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  1. #1
    Join Date
    Aug 2009
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    13

    Unanswered: lock issue with IN clause

    Why Select/Delete/Update with IN clause scanning entire table/index?

    I have created a table
    Cretate table TAB1(id int not null primary key, dept int);
    Inserted 6 rows with values(1,1; 2,2; 3,3 ; 4,4 ; 5,5; 6,6).

    In first transaction(T1).
    delete from TAB1 where id =3 ; DB2 locks 3rd row with X lock.

    In second transaction(T2)->
    Select * from TAB1 where id IN (2,6); DB2 is waiting for T1 to be commited.

    When I execute separately, it works fine.
    Select * from TAB1 where id =2;
    select * from TAB1 where id = 6;

    Why DB2 waits for another transcation to be completed even though it is not requesting same ids?

    Thanks

  2. #2
    Join Date
    Jun 2003
    Location
    Toronto, Canada
    Posts
    5,516
    Provided Answers: 1
    Quote Originally Posted by mowry_889
    Why Select/Delete/Update with IN clause scanning entire table/index?
    I guess you already know why - because the optimizer believes it is more efficient. And it probably is.

    You can stop reading now.

    If your question were "how to tell the optimizer not to scan the entire table", I would say "try ALTER TABLE ... VOLATILE CARDINALITY".
    ---
    "It does not work" is not a valid problem statement.

  3. #3
    Join Date
    May 2003
    Location
    USA
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    5,737
    Setting this environment variable might also help (requires instance restart):

    db2set DB2_EVALUNCOMMITTED=ON

    While you are at it, you should also set these:

    db2set DB2_SKIPINSERTED=ON
    db2set DB2_SKIPDELETED=ON
    M. A. Feldman
    IBM Certified DBA on DB2 for Linux, UNIX, and Windows
    IBM Certified DBA on DB2 for z/OS and OS/390

  4. #4
    Join Date
    Aug 2009
    Posts
    13
    Thanks for your reply. I am little confused why DB2 behaves differently when I use IN clause with multiple parameters and just with one parameter.
    In the above example,
    Select * from TAB1 where id IN(2,6) It's trying to read every row by requesting share lock. It will in the wait state because other session holds "X" lock on row 3.
    versus
    select * from TAB1 where id IN(2)
    select * from TAB1 where id IN(6)
    Avove statements return data without any wait.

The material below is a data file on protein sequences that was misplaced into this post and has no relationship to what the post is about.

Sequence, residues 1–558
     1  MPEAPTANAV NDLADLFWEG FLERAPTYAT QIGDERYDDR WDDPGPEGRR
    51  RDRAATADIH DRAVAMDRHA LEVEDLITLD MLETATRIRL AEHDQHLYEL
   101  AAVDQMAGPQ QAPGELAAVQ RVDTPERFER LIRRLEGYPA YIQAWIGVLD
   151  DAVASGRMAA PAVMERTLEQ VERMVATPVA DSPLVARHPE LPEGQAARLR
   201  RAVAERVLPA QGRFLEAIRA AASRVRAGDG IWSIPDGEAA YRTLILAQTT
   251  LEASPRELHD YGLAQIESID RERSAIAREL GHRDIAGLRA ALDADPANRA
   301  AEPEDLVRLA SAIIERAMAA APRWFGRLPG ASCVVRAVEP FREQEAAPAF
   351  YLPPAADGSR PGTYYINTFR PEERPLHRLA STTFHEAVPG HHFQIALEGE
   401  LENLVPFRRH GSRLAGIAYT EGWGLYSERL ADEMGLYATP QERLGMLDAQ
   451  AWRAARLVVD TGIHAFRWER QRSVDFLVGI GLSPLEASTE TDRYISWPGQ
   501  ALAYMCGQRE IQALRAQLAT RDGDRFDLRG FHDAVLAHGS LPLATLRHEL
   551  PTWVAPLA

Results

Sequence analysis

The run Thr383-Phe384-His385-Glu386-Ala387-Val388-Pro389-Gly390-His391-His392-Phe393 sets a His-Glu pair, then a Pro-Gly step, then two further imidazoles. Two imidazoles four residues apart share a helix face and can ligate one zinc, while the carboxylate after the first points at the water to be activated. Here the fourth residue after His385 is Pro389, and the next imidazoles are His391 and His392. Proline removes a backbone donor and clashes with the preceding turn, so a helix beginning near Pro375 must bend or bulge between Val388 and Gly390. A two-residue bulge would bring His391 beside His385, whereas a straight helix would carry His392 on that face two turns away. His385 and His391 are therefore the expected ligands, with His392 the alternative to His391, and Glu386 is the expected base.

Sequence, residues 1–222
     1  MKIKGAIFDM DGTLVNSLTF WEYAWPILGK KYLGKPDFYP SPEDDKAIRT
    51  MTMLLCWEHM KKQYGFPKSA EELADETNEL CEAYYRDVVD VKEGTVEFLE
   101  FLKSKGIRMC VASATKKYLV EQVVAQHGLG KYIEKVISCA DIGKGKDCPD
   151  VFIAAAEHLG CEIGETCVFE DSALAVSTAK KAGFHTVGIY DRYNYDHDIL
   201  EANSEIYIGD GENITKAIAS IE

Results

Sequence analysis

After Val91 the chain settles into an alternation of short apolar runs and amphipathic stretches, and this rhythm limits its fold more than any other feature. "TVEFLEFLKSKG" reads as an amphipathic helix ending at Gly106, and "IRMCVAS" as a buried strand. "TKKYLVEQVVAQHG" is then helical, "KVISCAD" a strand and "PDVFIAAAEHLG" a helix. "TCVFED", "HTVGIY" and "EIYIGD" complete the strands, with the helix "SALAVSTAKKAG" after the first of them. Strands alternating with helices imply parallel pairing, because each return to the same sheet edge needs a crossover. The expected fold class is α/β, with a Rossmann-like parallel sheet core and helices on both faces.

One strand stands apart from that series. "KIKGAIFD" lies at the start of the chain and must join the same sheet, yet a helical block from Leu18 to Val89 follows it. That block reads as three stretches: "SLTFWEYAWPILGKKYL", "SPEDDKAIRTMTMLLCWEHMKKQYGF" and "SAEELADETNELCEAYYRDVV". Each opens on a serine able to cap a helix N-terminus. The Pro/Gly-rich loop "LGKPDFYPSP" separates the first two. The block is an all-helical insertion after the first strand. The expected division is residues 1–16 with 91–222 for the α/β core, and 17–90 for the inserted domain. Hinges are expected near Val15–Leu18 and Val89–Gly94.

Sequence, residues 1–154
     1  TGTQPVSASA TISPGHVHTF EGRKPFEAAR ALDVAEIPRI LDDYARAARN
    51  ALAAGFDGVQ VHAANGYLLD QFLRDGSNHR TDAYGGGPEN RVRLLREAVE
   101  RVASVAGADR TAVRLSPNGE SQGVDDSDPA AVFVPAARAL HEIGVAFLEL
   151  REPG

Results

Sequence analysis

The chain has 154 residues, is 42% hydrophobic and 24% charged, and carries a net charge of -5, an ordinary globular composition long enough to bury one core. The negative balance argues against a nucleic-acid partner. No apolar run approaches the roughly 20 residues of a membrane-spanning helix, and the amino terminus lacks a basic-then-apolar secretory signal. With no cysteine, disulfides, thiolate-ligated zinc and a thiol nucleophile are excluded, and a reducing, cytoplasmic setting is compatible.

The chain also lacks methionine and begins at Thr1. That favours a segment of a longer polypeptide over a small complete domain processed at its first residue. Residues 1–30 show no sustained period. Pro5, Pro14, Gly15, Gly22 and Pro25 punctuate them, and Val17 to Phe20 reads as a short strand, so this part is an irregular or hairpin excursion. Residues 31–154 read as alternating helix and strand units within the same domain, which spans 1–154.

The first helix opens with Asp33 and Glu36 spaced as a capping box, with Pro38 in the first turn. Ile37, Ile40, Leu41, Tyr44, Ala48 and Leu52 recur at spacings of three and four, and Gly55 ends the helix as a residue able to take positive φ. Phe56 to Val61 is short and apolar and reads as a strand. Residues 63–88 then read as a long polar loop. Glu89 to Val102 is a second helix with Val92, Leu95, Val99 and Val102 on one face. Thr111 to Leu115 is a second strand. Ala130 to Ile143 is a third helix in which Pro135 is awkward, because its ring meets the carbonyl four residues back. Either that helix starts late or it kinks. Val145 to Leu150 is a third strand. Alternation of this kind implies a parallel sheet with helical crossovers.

I was expecting with IN(2,6) clause, it should read only rows 2 and 6. Why it is trying to read every row in the table/index.

    Thanks

  5. #5
    Join Date
    May 2003
    Location
    USA
    Posts
    5,737
    Quote Originally Posted by mowry_889
    Thanks for your reply. I am little confused why DB2 behaves differently when I use IN clause with multiple parameters and just with one parameter.
    In the above example,
    Select * from TAB1 where id IN(2,6) It's trying to read every row by requesting share lock. It will in the wait state because other session holds "X" lock on row 3.
    versus
    select * from TAB1 where id IN(2)
    select * from TAB1 where id IN(6)
    Avove statements return data without any wait.


    I was expecting with IN(2,6) clause, it should read only rows 2 and 6. Why it is trying to read every row in the table/index.

    Thanks
    In order to have some idea how to answer that, it would helpful to know the verson of DB2 you are using (including fixpack level), the nubmer of rows in the table, the number of unique values in the column called "id", exactly what runstats command you have run, etc, etc, etc.
    M. A. Feldman
    IBM Certified DBA on DB2 for Linux, UNIX, and Windows
    IBM Certified DBA on DB2 for z/OS and OS/390

  6. #6
    Join Date
    Aug 2009
    Posts
    13
    C:\IBM\SQLLIB\BIN>db2level
    DB21085I Instance "DB2" uses "32" bits and DB2 code release "SQL09052" with
    level identifier "03030107".
    Informational tokens are "DB2 v9.5.200.315", "s080811", "WR21411", and Fix Pac

    "2".
    Product is installed at "C:\IBM\SQLLIB" with DB2 Copy Name "DB2COPY".

    My sample table is
    Cretate table TAB1(id int not null primary key, dept int);
    Inserted 6 rows with values(1,1; 2,2; 3,3 ; 4,4 ; 5,5; 6,6).

    Thanks

  7. #7
    Join Date
    Dec 2007
    Location
    Richmond, VA
    Posts
    1,328
    Provided Answers: 5
    The answer is due to the number of rows in the table and the number you are fetching and the fact that you do not have an index with id,dept. Db2 knows that it has to access 33% of the table and if it were to use the index it would have to hit 33% of the rows in the index and then, also, access 33% of the data page, so it is cheaper and less CPU intensive to just scan the table. Once you have more data in your table and the stats are current it should begin using the index for your IN clause. Though, if your IN clause gets too large, you may go back to a scan of all rows.
    Some of the options above will get DB2 to use the index even though there are only 6 rows in the table, but you will see increased CPU time, I'm sure.
    Dave

  8. #8
    Join Date
    Aug 2009
    Posts
    13
    Already there is an index on ID since it's a primary key. I tried by creating index only dept and also combination on (ID,DEPT), but I see the same issue.

    I am running Select * from TAB1 where ID IN(2,6)-> it should access only indexes 2 and 6 since there is an index on ID. Is it correct?

    There are 30 rows in the table TAB1, and I am trying to access only 2 rows. Select statement goes in the wait state if I run delete on any id from other session before my select st. for example delete from t3 where id=1;

    If I run Select * from T3 where ID IN(6), it comes back fine.

    Thanks,

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